HONG KONG, Aug. 19 (Xinhua) -- As protracted violence continue to roil Hong Kong, ordinary Hong Kong people find themselves bearing the brunt of the burden. Concerned about the future of their life and that of their home, more and more are speaking out against violence.
For a hotel room attendant surnamed Wang, the protracted violence could cost her job as a usual summer boom for Hong Kong's tourism industry has turned into a chilly winter due to the unrest.
"Because of a significant falloff in bookings, the hotel asked staff to take leave as soon as possible," Wang told Xinhua, adding that if the situation fails to improve after the leave, she will have to take unpaid leave.
Wang said her husband is a taxi driver, and his business has fallen by half since June, when Hong Kong's opposition and some radical forces started to use the pretext of peaceful demonstration to engage in violent protests.
"If I take unpaid leave, my family's earnings will drop to quarter of what it used to be," she said.
Currently more than 20 countries and regions have issued travel advisories for Hong Kong over the unrest.
In the June-July period, average earnings for tourism workers plunged by 74 percent, while the number of tours in Hong Kong fell 74 percent on average, according to a survey by the Hong Kong Tour Guides General Union.
The weeks-long violent protests have also taken a toll on small businesses like Wong Pang's logistics company.
As protests dragged on into August, black-clad demonstrators held unlawful assemblies at the Hong Kong International Airport, bringing the region's major transport hub to a grinding halt. The siege of the airport had cost his company a six-figure loss, said Wong.
"By blocking the airport, the subway and the tunnels and calling for strikes, they (violent protesters) seek to disrupt Hong Kong's transport and economy in their own interests," said Wong.
"They may claim that they love Hong Kong, but all I can see is their despicable aim to disrupt the economy and hijack the interests of the majority of Hong Kong people," he added.
For a Hong Kong resident surnamed Ng, living near a police station used to mean a sense of security. But as radical protesters besiege police stations and attack police officers across Hong Kong, vicinity has incurred suffering.
For days, Ng said, protesters had gathered around the police station till wee hours, throwing bricks at officers and firing laser beams at them.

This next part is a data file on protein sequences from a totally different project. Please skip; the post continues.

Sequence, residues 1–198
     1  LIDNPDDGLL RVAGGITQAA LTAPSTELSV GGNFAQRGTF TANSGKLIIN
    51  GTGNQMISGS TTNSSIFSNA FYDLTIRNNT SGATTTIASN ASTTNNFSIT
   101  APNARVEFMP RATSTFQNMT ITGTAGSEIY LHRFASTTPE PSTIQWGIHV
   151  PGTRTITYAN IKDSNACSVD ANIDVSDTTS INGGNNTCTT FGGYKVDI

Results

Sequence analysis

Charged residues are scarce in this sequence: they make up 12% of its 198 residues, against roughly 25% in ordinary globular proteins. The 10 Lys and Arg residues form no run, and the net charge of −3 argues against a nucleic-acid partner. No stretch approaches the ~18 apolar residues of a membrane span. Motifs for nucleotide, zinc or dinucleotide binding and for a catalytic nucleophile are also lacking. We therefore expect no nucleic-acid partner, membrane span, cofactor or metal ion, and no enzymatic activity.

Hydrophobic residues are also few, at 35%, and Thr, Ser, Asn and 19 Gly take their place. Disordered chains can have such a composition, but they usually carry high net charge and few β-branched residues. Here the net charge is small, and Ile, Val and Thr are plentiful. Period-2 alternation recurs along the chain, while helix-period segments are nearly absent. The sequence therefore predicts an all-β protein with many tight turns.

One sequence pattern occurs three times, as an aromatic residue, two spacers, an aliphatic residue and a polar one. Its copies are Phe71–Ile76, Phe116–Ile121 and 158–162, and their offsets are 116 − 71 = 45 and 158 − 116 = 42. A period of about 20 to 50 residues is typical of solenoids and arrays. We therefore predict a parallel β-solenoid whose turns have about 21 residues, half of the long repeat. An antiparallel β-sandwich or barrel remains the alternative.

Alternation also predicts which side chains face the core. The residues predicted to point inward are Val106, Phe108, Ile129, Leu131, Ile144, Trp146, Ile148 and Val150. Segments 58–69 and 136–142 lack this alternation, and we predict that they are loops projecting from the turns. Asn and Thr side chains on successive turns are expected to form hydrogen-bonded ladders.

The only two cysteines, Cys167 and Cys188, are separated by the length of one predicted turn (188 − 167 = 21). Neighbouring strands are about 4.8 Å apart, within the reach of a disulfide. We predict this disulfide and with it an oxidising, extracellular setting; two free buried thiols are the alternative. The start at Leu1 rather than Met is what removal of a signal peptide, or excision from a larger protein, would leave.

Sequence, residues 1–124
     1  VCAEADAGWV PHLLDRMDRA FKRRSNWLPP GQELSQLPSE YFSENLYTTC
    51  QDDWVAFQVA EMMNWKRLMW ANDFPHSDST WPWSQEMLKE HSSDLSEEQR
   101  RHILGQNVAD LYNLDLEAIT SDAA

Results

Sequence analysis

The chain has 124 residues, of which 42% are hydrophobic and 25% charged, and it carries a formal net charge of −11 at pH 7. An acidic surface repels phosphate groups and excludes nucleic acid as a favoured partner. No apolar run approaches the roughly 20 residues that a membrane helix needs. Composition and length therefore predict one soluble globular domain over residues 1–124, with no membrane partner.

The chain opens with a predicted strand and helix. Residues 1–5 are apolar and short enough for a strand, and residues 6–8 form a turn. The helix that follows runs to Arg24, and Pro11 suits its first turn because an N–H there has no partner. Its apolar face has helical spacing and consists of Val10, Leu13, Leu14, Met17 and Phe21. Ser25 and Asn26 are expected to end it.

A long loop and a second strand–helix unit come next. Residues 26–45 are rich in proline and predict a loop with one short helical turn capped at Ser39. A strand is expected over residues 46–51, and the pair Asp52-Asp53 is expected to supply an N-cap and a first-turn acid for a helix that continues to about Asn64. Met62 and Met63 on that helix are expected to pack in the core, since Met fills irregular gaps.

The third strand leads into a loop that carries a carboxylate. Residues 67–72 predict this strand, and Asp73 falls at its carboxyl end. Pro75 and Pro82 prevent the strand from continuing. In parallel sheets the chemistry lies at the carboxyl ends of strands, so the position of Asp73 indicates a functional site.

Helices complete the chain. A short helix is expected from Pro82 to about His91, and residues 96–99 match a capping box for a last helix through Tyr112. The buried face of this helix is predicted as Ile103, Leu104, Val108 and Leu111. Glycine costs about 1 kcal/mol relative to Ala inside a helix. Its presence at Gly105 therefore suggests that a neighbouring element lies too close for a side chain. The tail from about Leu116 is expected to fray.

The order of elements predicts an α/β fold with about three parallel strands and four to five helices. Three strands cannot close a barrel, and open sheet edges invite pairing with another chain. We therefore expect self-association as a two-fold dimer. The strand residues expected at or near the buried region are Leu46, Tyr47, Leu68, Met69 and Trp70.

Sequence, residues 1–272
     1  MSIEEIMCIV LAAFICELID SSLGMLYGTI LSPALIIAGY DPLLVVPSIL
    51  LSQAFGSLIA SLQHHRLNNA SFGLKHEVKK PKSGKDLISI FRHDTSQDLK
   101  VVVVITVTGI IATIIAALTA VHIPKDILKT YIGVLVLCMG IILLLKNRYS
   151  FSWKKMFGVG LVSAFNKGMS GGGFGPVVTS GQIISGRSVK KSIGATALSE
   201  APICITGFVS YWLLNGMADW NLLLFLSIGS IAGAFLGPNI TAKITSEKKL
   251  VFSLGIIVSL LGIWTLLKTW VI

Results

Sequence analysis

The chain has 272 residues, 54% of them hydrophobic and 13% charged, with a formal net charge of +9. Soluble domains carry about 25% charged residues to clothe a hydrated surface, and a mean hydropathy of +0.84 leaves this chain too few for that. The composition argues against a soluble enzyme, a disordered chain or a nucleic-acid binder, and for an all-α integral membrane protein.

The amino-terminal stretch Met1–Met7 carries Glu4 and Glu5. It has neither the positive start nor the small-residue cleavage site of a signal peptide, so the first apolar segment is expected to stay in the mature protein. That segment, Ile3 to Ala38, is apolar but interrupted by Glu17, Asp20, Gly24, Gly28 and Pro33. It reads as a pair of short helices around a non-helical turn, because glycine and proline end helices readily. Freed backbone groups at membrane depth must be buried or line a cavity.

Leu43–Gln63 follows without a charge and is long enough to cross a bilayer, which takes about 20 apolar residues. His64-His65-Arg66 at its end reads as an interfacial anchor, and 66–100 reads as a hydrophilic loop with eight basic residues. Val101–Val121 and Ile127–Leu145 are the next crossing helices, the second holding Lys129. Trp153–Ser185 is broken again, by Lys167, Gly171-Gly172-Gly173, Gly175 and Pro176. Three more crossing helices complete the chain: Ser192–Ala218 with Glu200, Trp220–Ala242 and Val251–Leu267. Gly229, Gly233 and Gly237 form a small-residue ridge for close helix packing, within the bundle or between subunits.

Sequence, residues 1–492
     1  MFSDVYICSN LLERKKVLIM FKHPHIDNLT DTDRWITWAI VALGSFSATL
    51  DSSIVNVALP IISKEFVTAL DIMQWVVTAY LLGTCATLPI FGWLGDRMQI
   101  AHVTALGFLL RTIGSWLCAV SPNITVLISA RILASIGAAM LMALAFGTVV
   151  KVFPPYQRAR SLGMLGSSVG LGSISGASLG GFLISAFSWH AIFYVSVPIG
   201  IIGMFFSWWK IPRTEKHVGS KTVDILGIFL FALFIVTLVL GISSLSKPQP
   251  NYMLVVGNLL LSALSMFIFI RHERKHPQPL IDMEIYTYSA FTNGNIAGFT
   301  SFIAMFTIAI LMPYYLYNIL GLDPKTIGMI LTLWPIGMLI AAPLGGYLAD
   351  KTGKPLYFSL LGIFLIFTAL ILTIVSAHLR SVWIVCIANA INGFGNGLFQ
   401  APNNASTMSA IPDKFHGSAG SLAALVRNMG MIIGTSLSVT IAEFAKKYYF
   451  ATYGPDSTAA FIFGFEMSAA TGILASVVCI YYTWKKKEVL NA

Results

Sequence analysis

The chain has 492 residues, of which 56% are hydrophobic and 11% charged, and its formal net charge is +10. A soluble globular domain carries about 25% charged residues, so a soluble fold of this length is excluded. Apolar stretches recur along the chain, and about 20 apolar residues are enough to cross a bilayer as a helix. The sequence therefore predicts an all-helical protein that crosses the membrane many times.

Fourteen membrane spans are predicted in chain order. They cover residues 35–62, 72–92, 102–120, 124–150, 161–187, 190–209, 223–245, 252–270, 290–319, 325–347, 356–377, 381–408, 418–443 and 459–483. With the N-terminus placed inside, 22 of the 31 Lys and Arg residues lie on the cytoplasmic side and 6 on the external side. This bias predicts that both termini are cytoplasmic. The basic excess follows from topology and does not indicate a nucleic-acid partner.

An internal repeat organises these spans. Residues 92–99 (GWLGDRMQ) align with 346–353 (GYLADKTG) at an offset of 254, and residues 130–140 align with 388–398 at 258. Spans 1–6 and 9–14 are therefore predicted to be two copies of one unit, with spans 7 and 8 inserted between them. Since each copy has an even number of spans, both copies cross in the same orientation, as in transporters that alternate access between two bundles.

"I haven't had a sound sleep for days. I hope those protesters will understand that they are dragging down all Hong Kong people with them," said Ng. "But all we need is to live and work peacefully."
The protests have also sown divisions in the Hong Kong society, pitting friends and family members against each other, said Jackie Cheung, vice president of Federation of Hong Kong Shenzhen Associations.
"Families are divided, with parents and children being unable to communicate with each other. Hong Kong is no longer peaceful," Cheung said.
Amid the threats, more and more Hong Kong people are speaking out against violence.
Despite rains, over 470,000 people gathered on Saturday in a rally held at Tamar Park in Hong Kong to voice their demand for peace and stability.
Calling Hong Kong "always a peaceful society," a 57-year-old gardener surnamed Chan expressed his hope that "the extremist radicals stop violent acts so that people can return to peaceful life."
A bank staff surnamed Fu said Hong Kong is becoming more and more alien to him nowadays, with many famous tourist sites being painted with aggressive slogans and residents staying at home on weekends out of safety concerns.
"We all love Hong Kong, but I am very sad to see what happened recently," said Fu.
"Resorting to force is never an option. It will not help," he added. "I hope the demonstrators would return to reason, put aside violence and bring back a vibrant, peaceful Hong Kong."